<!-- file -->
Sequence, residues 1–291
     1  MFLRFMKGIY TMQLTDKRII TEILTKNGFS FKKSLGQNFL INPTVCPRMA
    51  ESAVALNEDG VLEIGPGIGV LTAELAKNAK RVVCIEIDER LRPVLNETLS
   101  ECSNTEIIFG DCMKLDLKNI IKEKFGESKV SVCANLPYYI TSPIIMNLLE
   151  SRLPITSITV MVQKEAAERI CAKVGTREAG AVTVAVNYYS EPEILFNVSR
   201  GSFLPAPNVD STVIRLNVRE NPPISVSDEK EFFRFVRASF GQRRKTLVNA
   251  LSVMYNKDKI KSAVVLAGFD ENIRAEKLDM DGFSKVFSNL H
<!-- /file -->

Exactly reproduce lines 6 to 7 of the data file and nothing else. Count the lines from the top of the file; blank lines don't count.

   201  GSFLPAPNVD STVIRLNVRE NPPISVSDEK EFFRFVRASF GQRRKTLVNA
   251  LSVMYNKDKI KSAVVLAGFD ENIRAEKLDM DGFSKVFSNL H